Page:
September 18 2012 Native American Newsletter
This is a crazy day for me. My latest article is about the facts on Historical Trauma as it pertains to the indigenous people of North America. It is an introduction to the concepts and facts and it is what literally set me free. It set me free from a prison of shame. I was born ashamed and lived in shame and could never figure out why. So as I lived the years of my life, instead of behaving badly and then feeling shame, the deeply intrinsic shame I felt led me to match it with outward behavior that was congruent. You see, it was backwards. It was double torture then because it was shame upon shame!
Here is the article.
"Gateway to Healing - An Introduction"
Historical Trauma, ask your family, friends, or colleagues what this term means and I bet very few would be able to answer. Even as a highly educated Native American woman, I was unable to provide a definition for historical trauma until very recently!
I am happy to say that I have done much healing and have been able to understand and release the deep anger and fear that was the root cause of all that unbearable shame. I have done the work. Now I work assist others.
The reason I say this is a crazy day for me is that I just saw and heard Mitt Romney refer to me with such disgust and disdain that it immediately brought back deep feelings of shame. Fortunately, I was instantly able to recognize it and know that he was demonstrating his own madness and not mine! Whew, that was close! I’m finished with shame, honey!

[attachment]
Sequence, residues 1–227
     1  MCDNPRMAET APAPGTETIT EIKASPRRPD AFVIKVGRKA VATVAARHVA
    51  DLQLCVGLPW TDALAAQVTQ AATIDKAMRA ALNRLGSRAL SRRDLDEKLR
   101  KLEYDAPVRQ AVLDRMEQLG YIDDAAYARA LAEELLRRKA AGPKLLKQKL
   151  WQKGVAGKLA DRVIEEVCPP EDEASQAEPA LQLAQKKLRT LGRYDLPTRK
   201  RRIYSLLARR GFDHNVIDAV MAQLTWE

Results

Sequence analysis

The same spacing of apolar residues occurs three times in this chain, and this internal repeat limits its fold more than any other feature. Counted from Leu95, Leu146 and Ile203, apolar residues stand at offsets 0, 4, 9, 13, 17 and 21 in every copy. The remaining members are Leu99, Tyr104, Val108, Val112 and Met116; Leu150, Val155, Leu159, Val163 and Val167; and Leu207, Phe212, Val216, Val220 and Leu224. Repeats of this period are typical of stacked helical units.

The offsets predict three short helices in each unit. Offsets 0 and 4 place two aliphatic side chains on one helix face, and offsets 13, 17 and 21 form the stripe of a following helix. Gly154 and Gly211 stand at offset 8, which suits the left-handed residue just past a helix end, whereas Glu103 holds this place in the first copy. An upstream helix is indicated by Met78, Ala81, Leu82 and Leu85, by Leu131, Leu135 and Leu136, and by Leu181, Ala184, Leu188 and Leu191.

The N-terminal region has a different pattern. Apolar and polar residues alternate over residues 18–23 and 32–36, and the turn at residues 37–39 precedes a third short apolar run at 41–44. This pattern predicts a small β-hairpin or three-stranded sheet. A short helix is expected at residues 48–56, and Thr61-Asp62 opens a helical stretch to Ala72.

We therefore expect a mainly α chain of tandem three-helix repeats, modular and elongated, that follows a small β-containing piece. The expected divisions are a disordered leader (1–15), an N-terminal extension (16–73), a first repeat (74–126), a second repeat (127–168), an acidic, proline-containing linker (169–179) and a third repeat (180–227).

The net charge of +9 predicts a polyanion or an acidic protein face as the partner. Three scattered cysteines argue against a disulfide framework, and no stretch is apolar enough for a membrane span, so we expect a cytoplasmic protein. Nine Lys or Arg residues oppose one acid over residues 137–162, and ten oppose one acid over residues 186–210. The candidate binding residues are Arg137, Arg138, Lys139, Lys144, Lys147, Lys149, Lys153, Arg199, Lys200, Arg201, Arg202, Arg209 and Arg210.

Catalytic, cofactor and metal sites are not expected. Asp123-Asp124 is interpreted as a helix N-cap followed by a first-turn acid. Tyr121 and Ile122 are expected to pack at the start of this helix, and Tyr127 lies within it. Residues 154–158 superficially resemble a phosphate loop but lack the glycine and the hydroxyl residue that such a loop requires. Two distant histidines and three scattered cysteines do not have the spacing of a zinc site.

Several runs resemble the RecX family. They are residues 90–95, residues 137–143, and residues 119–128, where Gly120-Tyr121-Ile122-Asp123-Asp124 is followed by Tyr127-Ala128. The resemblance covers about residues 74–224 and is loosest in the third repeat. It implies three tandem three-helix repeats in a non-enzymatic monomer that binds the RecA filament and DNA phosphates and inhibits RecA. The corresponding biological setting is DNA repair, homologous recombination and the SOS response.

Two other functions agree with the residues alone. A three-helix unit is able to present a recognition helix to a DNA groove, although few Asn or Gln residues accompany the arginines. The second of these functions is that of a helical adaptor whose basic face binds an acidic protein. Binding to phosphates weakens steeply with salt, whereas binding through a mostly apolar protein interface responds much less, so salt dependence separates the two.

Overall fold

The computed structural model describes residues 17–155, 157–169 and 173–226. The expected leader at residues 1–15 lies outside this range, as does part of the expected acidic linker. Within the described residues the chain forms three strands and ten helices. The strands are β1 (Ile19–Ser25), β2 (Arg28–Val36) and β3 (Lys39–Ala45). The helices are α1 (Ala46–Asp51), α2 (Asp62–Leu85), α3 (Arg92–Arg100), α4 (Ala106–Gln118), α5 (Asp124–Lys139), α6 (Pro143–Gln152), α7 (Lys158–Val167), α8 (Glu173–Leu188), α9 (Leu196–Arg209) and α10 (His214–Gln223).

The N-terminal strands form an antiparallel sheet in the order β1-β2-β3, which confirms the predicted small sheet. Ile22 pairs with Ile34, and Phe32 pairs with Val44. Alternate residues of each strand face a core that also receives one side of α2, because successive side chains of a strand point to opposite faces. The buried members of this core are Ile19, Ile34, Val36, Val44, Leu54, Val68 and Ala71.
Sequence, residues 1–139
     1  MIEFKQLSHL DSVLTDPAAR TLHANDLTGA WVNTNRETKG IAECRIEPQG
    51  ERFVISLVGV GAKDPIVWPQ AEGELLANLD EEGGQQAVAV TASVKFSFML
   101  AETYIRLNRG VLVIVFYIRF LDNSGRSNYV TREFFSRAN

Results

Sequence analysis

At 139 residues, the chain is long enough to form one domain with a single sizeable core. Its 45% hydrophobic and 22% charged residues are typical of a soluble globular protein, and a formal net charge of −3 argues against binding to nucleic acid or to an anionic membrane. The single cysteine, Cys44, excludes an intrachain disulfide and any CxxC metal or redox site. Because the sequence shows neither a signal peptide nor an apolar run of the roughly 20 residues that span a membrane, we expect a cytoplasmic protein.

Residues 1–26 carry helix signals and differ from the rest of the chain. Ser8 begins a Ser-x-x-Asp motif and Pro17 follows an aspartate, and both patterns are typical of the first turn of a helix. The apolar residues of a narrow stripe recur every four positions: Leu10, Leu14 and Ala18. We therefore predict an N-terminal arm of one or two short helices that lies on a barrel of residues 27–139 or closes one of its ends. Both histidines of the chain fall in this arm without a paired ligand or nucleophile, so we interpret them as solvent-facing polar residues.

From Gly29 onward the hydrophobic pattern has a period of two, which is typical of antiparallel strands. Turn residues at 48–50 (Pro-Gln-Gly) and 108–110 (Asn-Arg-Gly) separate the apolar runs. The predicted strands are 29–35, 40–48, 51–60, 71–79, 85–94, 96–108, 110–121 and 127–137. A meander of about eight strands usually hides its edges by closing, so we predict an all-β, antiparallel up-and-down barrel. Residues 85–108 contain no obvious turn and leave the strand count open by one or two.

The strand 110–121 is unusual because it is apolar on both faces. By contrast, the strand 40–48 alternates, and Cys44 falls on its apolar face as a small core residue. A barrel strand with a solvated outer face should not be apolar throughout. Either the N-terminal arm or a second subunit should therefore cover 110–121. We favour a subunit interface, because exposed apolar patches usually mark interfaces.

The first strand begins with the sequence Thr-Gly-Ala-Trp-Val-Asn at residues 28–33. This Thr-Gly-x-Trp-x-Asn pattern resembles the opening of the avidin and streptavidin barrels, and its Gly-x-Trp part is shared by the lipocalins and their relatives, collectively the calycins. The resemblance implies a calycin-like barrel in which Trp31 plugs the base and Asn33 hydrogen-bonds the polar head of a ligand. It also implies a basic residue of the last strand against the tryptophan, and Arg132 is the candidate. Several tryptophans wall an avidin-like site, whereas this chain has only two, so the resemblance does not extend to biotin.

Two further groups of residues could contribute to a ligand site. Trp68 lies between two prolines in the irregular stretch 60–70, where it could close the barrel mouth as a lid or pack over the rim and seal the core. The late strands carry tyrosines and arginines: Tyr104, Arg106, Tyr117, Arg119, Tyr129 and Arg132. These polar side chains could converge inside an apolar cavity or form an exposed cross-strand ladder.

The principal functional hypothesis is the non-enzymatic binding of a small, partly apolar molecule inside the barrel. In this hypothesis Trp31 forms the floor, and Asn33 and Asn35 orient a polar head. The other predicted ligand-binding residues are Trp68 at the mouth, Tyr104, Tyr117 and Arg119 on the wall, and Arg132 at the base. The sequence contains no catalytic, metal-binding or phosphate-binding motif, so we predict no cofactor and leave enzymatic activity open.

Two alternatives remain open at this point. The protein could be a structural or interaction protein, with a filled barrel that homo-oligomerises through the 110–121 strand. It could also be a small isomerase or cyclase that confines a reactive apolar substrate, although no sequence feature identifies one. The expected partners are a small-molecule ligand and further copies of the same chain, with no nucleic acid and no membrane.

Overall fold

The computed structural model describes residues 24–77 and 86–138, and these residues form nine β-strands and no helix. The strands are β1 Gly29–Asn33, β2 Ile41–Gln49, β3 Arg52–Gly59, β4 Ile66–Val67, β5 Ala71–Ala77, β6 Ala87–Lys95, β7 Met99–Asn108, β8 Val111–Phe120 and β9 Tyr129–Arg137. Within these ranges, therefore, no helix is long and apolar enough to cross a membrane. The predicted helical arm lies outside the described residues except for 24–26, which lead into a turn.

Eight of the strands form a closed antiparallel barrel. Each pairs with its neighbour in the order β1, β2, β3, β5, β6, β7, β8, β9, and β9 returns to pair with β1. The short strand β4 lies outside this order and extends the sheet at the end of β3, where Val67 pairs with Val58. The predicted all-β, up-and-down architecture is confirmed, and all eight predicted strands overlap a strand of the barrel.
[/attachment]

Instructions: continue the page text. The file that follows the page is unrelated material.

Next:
I will let Mr. Romney know the following. I am not voting for President Obama “no matter what” but because his record on Native American policy is like none other in history (article to come). Also, I am still “dependent upon government” because the Bureau of Indian Affairs has a legal and political relationship with Indian tribes as provided by the Constitution of the United States, treaties, court decisions and Federal statutes. As such, I am not free to make decisions about my own land. And sure, I believe that my ancestors were “victims”, but now I feel empowered to rise above that experience and lift others up from where I stand now. However, I cannot do that alone. I also believe the government has a responsibility to finally treat me fairly and equally. And lastly, I do not pay income tax on my reservation due to policies of the Bureau of Indian Affairs (see above).
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As president it would be Romney’s “job to worry about those (my) people.” And with his heart and mind in the right place he can help us to “take personal responsibility and care for their (our) lives." It’s called healing, sir.
I boldly share these thoughts with you here because together, your interest in Native American culture, my article on Historical Trauma, and the unfortunate words of Mitt Romney lead us to recognize that something is still not quite right.
I don’t feel so crazy after all.
Until next time,
Peace & Blessings
Jacqueline Olivia Pina, Native American Editor
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